4/4/2016 5:38:23 PM
Liam Hedgecock (@therealhedgy) is a 16 year old horse racing fanatic from Newcastle. He is a regular contributor to the guest blogger section of our website and his aim is to work in the horse racing industry in the future.
The National Hunt season is not finished just yet. The Cheltenham Festival finished just over three weeks ago, and Aintree is round the corner. Crowd figures are on the up and jumps racing is looking rather bright on the whole. One slight concern is that while racing fans like myself can sit back and enjoy the equine talent that is often on show, one issue that very few talk about is the frustration of racehorse ownership.
Taking the above into account, there is no better starting point than Nicky Henderson. It is more than fair to say that the master of Seven Barrows more often than not chooses to give his horses plenty of time. It has also been quite a well documented topic over the past few years that Henderson never likes to risk his star names unless they are 100%. That hypothesis has worked in some cases, but has backfired too. This season has been the perfect example of that with a horse who was meant to be going chasing this term, yet we have not seen him nor heard of what is actually the plan with him. That horse is Beat That. It has been well documented in the past how this horse has had more than his fair share of "niggles". Not only Beat That, but Simonsig too. A gorgeous grey who came back after nearly two years off the track in the Betfred Hurdle to be beaten by stable-mate Bobs Worth, after looking the likeliest winner turning into the straight but finding next to nothing once coming off the bridle. The Tingle Creek was pinpointed as his next target, though he was pulled out of that due to another injury. He had been entered in at Kelso last Saturday but was pulled out once again. If you owned a horse such as Simonsig you would surely want a decision to be made on whether the horse has a racing career ahead of him or not.
Having said that, Henderson has done more than enough to warrant respect as one of the best trainers in National Hunt Racing history. He has trained oodles of brilliant equine stars throughout his stellar career. One of his best inmates See You Then was renowned for having legs of glass, but that didn't stop him winning three Champion Hurdles. My Tent Or Yours is another who came back from a monster absence to contest the Champion Hurdle first time up. I personally think that he handled that pressure extremely well and produced My Tent Or Yours for JP McManus to finish an honourable second to Annie Power. As well as bringing "Tent" (as Henderson calls him) back for the showpiece event on the Tuesday of the Festival, he went on to perform a minor miracle with Sprinter Sacre, one which is likely to be considered as the greatest training performance of all time. A horse who once seemed to look a mere immortal over fences in his pomp gave Henderson what can only be described as the most frustrating two and a half years of Henderson's career from when he was pulled up in the Desert Orchid Chase at Kempton in December 2013, all the way up to when he produced a memorable Festival performance to win his second Queen Mother Champion Chase just over three weeks ago.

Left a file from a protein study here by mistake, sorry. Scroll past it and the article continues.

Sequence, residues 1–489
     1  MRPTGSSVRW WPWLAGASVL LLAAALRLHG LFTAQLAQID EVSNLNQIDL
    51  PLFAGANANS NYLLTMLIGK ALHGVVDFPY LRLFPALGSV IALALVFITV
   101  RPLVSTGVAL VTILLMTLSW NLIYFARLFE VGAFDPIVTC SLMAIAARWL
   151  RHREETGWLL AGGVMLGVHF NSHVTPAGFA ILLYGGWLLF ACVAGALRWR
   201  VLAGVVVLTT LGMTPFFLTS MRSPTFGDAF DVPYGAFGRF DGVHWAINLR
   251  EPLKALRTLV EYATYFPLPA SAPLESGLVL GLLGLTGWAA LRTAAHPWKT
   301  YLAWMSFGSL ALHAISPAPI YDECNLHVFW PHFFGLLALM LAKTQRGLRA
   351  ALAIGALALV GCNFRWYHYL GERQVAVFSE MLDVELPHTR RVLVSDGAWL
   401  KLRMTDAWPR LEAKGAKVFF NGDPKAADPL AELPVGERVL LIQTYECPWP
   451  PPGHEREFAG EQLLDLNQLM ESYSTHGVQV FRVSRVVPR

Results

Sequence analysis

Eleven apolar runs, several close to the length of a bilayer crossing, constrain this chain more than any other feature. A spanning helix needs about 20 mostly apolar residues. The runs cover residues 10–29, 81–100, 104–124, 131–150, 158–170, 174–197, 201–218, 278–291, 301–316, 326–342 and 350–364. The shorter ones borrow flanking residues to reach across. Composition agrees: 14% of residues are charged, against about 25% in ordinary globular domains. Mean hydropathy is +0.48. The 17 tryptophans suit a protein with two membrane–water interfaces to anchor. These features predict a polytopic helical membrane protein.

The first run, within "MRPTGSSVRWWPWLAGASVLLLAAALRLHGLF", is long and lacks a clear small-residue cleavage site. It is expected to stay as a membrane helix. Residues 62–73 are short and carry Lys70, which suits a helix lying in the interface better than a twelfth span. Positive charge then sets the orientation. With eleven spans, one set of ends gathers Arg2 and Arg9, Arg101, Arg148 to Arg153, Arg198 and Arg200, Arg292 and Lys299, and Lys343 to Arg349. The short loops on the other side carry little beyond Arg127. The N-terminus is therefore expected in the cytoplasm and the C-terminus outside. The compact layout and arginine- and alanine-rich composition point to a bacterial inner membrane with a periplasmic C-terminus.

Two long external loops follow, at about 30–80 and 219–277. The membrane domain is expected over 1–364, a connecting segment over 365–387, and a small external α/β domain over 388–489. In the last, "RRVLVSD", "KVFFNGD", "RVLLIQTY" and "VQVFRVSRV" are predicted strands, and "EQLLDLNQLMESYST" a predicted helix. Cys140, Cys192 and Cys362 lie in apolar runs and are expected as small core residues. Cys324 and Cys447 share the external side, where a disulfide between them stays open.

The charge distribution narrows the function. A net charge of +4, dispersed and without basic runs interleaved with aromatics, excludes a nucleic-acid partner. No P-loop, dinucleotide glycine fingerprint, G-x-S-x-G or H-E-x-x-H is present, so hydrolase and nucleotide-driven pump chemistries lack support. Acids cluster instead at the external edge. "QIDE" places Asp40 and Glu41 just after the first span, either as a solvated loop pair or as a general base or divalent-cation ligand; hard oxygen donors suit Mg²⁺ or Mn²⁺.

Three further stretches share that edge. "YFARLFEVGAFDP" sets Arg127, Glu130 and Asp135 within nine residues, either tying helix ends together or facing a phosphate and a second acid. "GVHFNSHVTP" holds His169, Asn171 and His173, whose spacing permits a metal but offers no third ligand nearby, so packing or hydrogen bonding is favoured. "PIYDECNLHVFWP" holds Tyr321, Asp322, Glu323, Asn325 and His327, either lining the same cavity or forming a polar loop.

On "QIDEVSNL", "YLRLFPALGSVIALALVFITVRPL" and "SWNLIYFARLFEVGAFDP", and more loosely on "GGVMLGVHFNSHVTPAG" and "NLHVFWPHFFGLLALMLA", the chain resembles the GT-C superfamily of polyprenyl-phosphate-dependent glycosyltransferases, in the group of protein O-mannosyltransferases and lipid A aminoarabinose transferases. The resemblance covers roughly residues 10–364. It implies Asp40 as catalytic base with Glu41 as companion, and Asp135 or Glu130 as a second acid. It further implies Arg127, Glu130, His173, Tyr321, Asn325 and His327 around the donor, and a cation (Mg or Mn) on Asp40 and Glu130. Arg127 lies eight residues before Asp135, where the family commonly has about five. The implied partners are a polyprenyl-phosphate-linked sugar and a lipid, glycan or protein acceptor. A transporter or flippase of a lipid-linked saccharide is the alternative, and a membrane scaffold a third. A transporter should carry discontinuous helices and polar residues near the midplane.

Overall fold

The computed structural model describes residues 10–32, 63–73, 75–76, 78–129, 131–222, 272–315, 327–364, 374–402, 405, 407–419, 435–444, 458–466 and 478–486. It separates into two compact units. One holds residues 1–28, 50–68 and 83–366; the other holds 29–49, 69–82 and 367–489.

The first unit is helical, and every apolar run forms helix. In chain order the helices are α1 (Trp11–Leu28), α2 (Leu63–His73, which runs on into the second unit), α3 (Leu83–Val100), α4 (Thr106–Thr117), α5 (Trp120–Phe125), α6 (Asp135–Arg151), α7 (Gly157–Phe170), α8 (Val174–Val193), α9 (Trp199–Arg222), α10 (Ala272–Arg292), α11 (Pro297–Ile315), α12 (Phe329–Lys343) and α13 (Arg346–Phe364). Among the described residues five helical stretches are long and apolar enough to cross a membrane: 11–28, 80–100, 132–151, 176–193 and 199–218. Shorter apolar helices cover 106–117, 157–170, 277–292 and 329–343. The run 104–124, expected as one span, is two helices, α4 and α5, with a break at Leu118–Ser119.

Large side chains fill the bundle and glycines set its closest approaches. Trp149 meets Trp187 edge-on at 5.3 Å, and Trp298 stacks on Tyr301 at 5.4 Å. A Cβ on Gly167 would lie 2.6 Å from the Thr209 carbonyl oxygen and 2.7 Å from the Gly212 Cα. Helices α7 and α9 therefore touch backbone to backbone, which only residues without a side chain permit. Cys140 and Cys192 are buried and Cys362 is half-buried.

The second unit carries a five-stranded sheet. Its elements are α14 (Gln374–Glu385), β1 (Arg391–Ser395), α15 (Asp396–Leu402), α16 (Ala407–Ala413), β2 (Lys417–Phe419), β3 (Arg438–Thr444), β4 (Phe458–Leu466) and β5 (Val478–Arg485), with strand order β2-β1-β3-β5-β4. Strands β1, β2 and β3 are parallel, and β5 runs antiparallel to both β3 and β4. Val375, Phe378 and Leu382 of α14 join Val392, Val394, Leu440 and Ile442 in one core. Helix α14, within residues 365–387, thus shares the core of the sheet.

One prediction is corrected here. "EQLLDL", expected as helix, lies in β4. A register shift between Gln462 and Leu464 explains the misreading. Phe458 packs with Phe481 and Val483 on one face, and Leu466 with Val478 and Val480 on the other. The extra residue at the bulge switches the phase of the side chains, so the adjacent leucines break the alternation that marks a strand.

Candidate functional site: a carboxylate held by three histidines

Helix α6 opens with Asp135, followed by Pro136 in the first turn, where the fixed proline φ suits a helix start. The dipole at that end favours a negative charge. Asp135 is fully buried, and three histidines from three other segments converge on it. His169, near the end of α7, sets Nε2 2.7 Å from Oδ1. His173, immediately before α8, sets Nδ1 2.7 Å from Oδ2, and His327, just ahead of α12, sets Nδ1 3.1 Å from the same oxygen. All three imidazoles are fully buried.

If you haven't noticed already, I am merely using Henderson as a case study to try and gauge an insight into the frustrations of owning a racehorse. At the moment, you have Irish Champion Trainer Willie Mullins gunning for Paul Nicholls who is still top of the tree in the British Trainer's Championship. In my opinion, Nicholls is at the opposite end of the spectrum to Henderson in terms of his training methods. Some say he is greedy when he places and races his horses, though if I had the financial support, I feel he would be my chosen trainer. I don't think any other trainer would have the bottle to run a graded horse such as Irving three times within three weeks like he did in the early part of this season. Maybe that is what separates the head of Ditcheat from the other powerful stables in the Trainer’s Championship. The man who has won the Championship eight times does not fear the uncertainty of burning his horses out when he races them frequently year after year, and personally that is what I like in a trainer. You would feel like banging your head against a wall if you owned a horse that just when you thought it was ready to run, another setback meant you were going to have to wait again to see your horse run. I spoke to an acquaintance of mine recently who owns a horse. The horse has met with frequent setbacks and while he has been off the track, the costly training fees have not stopped coming out of his bank account. It has led him to wondering whether or not he should sell it. Even if the trainer you owned it with said he was going to be a world beater, you would still consider it because you would still be shelling out £2,ooo each month, whilst getting nothing back in return for your payment.
So, when considering whether or not to get involved with a racehorse, there are clearly more factors to consider than it seems at first glance. Unless you're going into the game with significant financial backing with the aim to become a leading owner, you must ask yourself, is this really worth it? It is a huge gamble to invest large sums of money if you are not in the same financial position as the likes of Rich Ricci, Michael O’Leary and JP McManus.
That nicely leads me to a final question that is certainly food for thought. Is the negativity surrounding leading owners justified or are they singled handily keeping the sport we all love going?